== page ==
Serenity | AfterThe days begin to become more bearable. A routine is established and I follow it like everyone else. Wake up, get ready for school, eat breakfast, go to school, eat lunch, finish school, do homework, do some kind of activity, go to bed, do it all again.So it’s a shock when Saturday comes and the alarm stays silent. Natalia is awake too, on her phone in bed. Her dark hair is fanned out across the pillow, black against the white and pink of the pillowcase.“Cool,” I answer. “Um, I kind of wanted to ask you something.”“Shoot.” She shuts up and runs a hand through her hair like a comb.“Remember that girl you told me about? Your old roommate? Was her name Charlotte?” The words tumble out quickly.“Yeah,” she says. “Her name was Charlotte. Why?”“Just wondering. She’s very popular online.”Natalia doesn’t reply for a minute. “Serenity, I kind of don’t want to talk about this anymore. Can you ask someone else if you want to know more?”“Of course,” I say quickly. “Anyone
Zaire | BeforeThey look like us. Mr Oriel, Mr Cezanne, Mr Forrest and Mr Salvatore all sit together and they look like us. I don’t know where the women are, Natalia took them off about an hour ago and they are a no-show for lunch. My father is still in Paris, arriving in two days. It’s the earliest he could arrange the trip for. I try not to resent the fact that the parents of all my friends got here within twenty-four hours of her death and mine couldn’t. His absence is abundantly obvious to me, a gap between Nick Cezanne and Matteo Salvatore.“This is creepy,” Leo says, also staring at the table of fathers. “Is he still carving that headstone?”Matteo Salvatore arrived while carving Charlotte’s details into a slab of stone with a marble angle on the top. Raffiel gets the talent with woodwork from him. Mr and Mrs Cezanne insisted he didn’t have to, but he insisted that he did.“If I could do this when I was eighteen, I can do this now,” he said stubbornly. “The workshop still here?
Serenity | After“What do you think of… Leo?” Natalia asks as we move through the dining hall in House.“Which one’s he?” I ask.“The dark one with the Edgar Allen Poe.” She jerks her head to a boy reading while systematically putting forkfuls of pasta into his mouth.“He’s cute,” I giggle. “Let me guess, he’s claimed by some crazy boarding school girl.”“Naw, we don’t do that,” she laughs. “But he is sorta off limits. Anyway, you get to meet Zaire tonight. He’s the one with Fall Out Boy.”Sitting at the table I’ve eaten breakfast and lunch at today is a boy with dark hair and headphones. He’s one of the guys who was sitting on the stage with the rest of the important people in assembly this morning. If my memory serves right, he’s the youngest prefect in history.“How come he wasn’t at breakfast or lunch?”“Because he has all these prefect duties which means he gets to have lunch with the Fantastic Four.” She sits down. “He also got to miss form, the lucky bastard.”“Who are the Fant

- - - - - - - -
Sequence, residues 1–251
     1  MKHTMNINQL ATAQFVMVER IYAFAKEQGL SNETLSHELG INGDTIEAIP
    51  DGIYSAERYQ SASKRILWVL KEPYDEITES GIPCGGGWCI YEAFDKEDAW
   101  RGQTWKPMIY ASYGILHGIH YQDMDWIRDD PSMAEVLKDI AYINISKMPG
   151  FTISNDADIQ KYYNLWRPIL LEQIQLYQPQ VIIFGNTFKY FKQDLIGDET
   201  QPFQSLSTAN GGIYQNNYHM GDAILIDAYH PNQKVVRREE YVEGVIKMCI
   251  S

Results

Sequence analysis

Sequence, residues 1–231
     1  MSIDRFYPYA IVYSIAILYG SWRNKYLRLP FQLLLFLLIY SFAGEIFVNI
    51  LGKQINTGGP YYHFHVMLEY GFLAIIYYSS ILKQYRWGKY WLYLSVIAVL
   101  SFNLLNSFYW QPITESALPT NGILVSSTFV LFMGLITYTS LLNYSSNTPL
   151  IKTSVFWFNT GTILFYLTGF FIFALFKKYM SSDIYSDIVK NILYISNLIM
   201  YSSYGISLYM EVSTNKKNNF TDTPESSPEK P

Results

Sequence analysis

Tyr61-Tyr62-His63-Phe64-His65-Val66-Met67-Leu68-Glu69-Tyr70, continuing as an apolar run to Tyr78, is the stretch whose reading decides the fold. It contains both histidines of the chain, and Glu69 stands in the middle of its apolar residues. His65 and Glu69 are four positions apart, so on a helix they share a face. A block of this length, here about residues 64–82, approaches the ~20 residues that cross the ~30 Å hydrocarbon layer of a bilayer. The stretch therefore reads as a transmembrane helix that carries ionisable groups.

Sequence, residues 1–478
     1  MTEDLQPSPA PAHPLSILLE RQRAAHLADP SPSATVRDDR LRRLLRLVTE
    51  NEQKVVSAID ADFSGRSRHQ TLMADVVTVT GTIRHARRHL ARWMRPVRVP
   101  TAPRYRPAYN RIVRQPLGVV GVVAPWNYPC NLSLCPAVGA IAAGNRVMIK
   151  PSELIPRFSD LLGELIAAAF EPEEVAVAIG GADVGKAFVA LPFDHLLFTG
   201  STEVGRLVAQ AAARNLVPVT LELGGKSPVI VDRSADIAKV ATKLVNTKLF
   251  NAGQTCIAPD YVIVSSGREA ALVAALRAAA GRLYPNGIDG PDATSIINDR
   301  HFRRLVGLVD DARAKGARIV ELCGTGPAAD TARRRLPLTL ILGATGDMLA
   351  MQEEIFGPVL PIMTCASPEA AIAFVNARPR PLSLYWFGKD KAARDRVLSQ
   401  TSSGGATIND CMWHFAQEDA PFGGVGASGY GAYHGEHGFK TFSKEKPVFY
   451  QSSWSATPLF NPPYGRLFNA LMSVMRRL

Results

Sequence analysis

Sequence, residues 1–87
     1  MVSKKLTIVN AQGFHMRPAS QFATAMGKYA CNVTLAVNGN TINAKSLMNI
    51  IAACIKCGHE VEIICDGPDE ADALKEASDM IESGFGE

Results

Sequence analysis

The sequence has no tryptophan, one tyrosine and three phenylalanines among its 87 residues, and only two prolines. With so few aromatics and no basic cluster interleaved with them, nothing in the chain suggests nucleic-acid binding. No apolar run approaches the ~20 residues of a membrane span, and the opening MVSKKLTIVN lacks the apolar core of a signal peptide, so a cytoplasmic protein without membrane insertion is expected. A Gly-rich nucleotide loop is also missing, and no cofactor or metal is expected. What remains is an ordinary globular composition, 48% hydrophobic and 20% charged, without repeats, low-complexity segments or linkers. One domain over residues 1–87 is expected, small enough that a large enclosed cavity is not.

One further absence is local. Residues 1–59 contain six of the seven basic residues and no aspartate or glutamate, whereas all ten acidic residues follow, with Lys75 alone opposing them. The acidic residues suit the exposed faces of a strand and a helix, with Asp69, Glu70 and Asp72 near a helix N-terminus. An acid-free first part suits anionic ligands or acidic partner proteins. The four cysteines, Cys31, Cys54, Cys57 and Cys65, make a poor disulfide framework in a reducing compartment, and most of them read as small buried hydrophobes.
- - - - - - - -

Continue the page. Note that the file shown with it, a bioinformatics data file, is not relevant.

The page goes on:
Zaire | AfterWe sit in Room Seven, an empty classroom. It’s not a room I particularly like to be in. It was our Year Seven and Eight Maths classroom, so immediately associated with bad memories. Usually, I strangely love Maths. But the teacher I had those two years made me want to drive a knife through the subject. I have similar feelings towards Shakespeare. Only, I want to resurrect him with Charlotte’s coven of witchcraft practicing highlighters just to kill him all over again.“How did you become friends?” he asks. “If you remember.”“Dad thought I was lonely. Her mum thought she was lonely. They brought us together for a play date and we were stuck with each other, I guess.”“Just best friends?” Davidson raises an eyebrow.“Boys and girls can be friends, you know,” I snap. “It’s the twenty-first century.”“Did she have a boyfriend?”“As far as I know, she didn’t.”“Did she want to have one?” he questions. “Anyone she was interested in?”“Leo Forrest. He’s in our class.” I pause.